Chores. They’re tasks we wish our kids would embrace willingly, but to be honest, there’s usually some sort of bribe or reward attached to them in order to see any results.
Assigning household chores to your children and getting them to stick is an early lesson in responsibility and taking pride in a job well done. Why would we want to take that away from them?
Because it’s an uphill battle and just easier to do ourselves, that’s why!
According to a study conducted by the American Institute of CPAs, six out of ten parents pay their children an average allowance of $65 dollars a month. Half of the families surveyed started their kids on chore duty at age eight, with most expecting an accumulated hour of work over the course of a week.
Here are some fun ways to get your kids to embrace chores and some age-appropriate jobs they should be able to tackle. Whether you decide to reward with cash or praise is up to you!
Ages 2 to 3
Little kids like to “help” so instead of assigning tasks to them, you might ask them to help you with simple jobs around the house that won’t overwhelm their still-developing motor skills.
- Picking up toys
- Handing laundry to you to put into the machine
- Filling a pet’s water bowl or watering flowers outdoors
- Helping set the table
Ages 4 to 5
This is a good age to introduce a chart and mix personal with family chores.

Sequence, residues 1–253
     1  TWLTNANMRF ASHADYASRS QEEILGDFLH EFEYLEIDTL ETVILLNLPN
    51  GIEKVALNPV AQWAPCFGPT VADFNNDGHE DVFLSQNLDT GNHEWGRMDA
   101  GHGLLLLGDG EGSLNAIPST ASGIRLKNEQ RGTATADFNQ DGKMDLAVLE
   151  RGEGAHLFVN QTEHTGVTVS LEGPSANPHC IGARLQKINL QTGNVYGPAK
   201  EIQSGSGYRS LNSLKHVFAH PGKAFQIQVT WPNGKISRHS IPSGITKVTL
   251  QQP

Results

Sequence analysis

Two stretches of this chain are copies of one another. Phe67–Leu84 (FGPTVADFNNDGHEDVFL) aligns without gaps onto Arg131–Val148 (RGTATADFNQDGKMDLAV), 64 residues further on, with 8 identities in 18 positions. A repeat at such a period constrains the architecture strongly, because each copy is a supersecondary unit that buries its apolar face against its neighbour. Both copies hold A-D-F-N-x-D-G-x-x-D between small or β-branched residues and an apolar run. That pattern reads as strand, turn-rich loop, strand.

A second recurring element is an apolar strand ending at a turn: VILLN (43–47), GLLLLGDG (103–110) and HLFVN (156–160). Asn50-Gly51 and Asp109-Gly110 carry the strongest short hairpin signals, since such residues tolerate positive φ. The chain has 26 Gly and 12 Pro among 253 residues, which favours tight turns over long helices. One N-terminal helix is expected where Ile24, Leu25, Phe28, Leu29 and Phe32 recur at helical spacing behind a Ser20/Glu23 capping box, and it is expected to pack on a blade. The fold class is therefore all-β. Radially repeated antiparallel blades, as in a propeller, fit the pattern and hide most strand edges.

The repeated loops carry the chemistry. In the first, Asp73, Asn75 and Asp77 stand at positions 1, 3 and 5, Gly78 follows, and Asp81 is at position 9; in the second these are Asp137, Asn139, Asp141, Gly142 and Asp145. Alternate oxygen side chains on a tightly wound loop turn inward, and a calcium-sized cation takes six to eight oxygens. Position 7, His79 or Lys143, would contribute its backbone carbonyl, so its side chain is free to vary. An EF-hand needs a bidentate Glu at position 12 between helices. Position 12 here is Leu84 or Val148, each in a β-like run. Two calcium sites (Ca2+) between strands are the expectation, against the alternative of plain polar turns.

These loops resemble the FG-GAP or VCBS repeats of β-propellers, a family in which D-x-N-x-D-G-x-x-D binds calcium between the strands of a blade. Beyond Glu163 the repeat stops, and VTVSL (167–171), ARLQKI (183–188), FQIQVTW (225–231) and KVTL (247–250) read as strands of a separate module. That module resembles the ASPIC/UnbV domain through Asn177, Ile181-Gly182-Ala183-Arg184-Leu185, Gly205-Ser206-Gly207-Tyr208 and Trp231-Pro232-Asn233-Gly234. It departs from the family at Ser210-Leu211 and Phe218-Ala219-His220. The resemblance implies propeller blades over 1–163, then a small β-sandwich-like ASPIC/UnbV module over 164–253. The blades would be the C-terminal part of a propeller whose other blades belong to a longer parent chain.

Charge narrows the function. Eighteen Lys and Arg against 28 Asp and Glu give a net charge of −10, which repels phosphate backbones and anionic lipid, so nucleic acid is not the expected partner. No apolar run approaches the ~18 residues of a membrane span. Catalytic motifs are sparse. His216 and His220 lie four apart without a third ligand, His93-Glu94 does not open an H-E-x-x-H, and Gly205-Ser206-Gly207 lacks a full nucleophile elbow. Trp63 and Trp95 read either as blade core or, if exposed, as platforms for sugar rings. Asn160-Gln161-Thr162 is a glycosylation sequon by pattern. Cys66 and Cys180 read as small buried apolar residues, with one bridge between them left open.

- Getting themselves dressed (not really a chore but an acquired skill for sure)
- Make their bed to the best of their ability
- Put their laundry into the hamper
- Put away their toys
- Help sort and fold laundry including matching the socks
- Help unload dishwasher
- Set and help clear the table
Ages 6 to 7
This is where you can make good headway with more detailed chores and really see a sense of accomplishment in your child.
- Get dressed, brush teeth, comb hair
- Feed household pets, brush them
- Put away their own laundry
- Help with meals, help make their school lunches
- Help with yard work and/or gardening
- Help watch younger siblings
- Take out trash
Ages 8 to 11
- Get themselves up for school on time
- Make simple breakfasts and school lunches
- Assorted room cleaning (sinks, counters, vacuum, wash or mop floors)
- Do laundry on their own
- Take increased care of pets
- Help with grocery shopping
- Get own (healthy!) snacks
- Pick up the mail if you have a community mailbox
Ages 12 to 14
- Wash car
- Make a simple family meal
- Clean house
- Cut the grass
- More detailed bathroom cleaning (shower and tub)
I can tell you that a chore chart worked for me when my girls were eager preschoolers that wanted to help. They loved putting a shiny star sticker in the appropriate square after completing a task.
Did those early years of keeping their rooms tidy carry over into their teens? Unfortunately not, but it was fun while it lasted.